Records That Made History

Malo – Malo

todayJanuary 13, 2024 16

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Malo is the first album by the 12-piece band Malo from San Francisco, released in 1972. Their name means “bad” in Spanish but good in the Mayan language.

On April 22, 1972, Malo performed the song “Suavecito” on the ABC-TV program “American Bandstand”. Two months earlier, on February 27, 1972, “Suavecito” had entered the Billboard Hot Top 100 at No. 76, and on April 30 of the same year, it reached No. 18, staying there for one week, and spending a total of twelve weeks on Top 100.

It was the fifth track from the album, which reached No. 10 on Billboard’s Black Albums Chart and No. 14 on the same magazine’s Top 200 Albums.

“Suavecito” managed to make a song sound like Chicago, with its smooth incorporation of Latin rhythms and the irresistible “la la la” chorus it had. The track, however, represented only one facet of a band that, despite the expected similarities to Santana, played some of the most exciting and refined compositions in rock, soul and Latin music.

The six sprawling tracks, all over six minutes, lean more towards a warm Latin jazz brass sound than Carlos Santana did, though his own brother, Jorge Santana, did plenty of soloing with hot electric his guitar. It’s no exaggeration to say that by the time the album was released in 1972, the Latin rock played by Malo sounded fresher than Santana’s, if only because they seemed more musically hungry and less formulaic than Santana at the time.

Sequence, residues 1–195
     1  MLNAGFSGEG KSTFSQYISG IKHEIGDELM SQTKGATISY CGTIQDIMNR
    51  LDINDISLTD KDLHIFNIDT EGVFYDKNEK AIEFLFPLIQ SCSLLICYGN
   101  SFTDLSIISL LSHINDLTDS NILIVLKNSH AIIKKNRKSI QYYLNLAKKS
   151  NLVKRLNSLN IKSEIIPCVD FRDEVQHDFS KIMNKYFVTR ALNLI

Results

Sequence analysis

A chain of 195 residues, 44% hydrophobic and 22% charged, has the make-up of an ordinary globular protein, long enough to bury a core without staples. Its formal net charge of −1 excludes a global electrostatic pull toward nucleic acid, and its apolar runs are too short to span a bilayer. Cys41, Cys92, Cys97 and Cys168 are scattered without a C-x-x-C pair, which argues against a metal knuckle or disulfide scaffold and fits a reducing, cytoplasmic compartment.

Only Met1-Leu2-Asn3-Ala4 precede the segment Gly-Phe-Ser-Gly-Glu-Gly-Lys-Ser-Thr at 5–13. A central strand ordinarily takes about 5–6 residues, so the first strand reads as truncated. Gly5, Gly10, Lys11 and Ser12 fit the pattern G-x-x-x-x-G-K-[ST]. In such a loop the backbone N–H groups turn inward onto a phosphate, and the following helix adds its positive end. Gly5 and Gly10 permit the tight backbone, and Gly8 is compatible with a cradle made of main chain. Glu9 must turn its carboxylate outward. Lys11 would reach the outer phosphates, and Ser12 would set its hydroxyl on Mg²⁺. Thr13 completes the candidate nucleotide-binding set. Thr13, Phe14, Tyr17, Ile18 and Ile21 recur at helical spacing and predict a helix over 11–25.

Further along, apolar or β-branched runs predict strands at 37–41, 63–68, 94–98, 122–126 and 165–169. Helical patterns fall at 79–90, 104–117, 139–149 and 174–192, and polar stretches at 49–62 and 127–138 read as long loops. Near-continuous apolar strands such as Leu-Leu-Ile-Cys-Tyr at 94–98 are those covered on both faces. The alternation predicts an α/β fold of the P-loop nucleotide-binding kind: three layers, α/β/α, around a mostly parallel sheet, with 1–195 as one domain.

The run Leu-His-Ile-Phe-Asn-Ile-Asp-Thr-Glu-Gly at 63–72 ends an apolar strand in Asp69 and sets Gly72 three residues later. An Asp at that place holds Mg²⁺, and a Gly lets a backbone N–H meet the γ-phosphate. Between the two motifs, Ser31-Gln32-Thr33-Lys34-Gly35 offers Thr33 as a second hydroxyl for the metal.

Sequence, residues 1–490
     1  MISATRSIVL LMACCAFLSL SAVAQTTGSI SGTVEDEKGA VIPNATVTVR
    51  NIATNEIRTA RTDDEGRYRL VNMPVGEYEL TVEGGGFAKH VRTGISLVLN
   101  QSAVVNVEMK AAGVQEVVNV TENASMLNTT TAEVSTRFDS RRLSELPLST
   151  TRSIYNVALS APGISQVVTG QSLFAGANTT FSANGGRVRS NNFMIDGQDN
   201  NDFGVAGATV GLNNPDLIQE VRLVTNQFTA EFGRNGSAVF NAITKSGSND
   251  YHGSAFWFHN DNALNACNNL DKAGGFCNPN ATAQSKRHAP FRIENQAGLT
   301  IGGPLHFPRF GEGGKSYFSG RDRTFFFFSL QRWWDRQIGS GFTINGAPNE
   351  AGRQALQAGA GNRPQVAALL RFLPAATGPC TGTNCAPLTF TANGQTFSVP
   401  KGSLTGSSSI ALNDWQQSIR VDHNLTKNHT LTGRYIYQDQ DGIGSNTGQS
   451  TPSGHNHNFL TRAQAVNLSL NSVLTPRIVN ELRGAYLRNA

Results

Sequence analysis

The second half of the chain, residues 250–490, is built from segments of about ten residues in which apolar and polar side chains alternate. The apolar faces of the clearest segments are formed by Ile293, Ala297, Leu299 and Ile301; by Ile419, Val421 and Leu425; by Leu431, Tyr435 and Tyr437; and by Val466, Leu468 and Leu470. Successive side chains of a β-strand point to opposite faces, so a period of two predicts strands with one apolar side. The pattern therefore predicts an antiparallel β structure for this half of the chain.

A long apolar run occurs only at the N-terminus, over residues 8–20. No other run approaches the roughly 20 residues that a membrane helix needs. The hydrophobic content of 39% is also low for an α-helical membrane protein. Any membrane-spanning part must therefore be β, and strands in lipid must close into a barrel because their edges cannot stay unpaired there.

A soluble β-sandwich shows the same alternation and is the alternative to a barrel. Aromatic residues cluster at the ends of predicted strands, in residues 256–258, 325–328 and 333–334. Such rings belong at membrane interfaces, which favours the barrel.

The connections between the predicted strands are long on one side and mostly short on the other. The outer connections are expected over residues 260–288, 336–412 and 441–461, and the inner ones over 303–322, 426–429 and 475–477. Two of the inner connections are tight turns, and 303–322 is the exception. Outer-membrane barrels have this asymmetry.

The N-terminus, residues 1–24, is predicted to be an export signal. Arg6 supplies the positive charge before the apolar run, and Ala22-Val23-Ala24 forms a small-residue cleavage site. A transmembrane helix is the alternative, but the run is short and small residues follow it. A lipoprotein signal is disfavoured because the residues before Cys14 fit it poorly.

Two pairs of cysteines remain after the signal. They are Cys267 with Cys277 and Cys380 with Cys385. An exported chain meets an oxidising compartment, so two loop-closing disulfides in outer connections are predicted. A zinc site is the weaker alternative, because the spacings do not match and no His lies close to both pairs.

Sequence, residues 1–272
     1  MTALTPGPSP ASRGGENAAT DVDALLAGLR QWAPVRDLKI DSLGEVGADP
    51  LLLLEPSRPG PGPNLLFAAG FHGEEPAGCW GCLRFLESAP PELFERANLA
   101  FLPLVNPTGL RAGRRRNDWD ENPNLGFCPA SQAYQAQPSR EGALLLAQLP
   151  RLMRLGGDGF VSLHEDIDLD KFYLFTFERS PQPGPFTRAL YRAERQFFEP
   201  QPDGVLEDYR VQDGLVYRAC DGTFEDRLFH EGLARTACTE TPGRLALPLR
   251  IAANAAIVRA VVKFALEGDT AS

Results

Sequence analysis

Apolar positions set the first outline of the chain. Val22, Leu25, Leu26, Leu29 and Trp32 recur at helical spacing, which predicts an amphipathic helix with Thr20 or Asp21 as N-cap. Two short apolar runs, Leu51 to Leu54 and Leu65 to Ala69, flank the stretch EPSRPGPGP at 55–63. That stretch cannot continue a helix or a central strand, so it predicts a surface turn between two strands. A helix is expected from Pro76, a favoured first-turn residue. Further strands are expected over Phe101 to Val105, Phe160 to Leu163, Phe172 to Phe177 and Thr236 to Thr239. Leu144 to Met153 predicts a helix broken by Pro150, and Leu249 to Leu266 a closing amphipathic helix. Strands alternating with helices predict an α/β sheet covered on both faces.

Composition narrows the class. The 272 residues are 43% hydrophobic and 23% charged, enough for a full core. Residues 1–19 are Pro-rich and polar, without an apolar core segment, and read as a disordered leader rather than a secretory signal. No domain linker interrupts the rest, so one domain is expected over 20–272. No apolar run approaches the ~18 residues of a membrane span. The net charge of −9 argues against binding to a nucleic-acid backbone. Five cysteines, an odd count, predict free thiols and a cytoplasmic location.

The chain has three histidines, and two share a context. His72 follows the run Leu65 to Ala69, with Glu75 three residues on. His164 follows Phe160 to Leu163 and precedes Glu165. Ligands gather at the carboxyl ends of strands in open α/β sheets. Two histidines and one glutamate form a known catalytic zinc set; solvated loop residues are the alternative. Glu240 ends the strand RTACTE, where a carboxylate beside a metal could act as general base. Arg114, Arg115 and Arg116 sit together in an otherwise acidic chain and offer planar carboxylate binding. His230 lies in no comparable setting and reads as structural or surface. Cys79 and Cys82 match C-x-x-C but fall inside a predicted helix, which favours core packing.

Comparisons to Santana are inevitable, although in this case they work in Malo’s favor as they strike a balance between improvisational musical passages, robust and multi-layered percussion rhythms and emotional and romantic delivery of songs in both Spanish and English.

The album has been reissued on CD as one of the discs on Rhino Handmade’s Celebracion box set, with the addition of five bonus tracks, which are essentially edit single versions of songs contained on the album.

While never reaching the ethereal majesty of his brother Carlos’ band and his guitar, Jorge Santana possessed an impossibly tight Latin soul-rock bent, shaped into something decidedly harder, more stylistically diverse, and always different in tone and execution.

Unsurprisingly, given Jorge’s background playing in the Fania All-Stars, the insanely tight and rhythmic atmosphere here is entirely due to this impressive ensemble. All the six tunes on the album are very well worked and of course in Suavecito, the track which I select, it’s one of the defining Latin rock tracks of the 70s.


1. Pana 6:45
2. Just Say Goodbye 8:00
3. Café 7:21
4. Nena 6:28
5. Suavecito 6:36
6. Peace 9:21

Written by: Dimitris Sigalos

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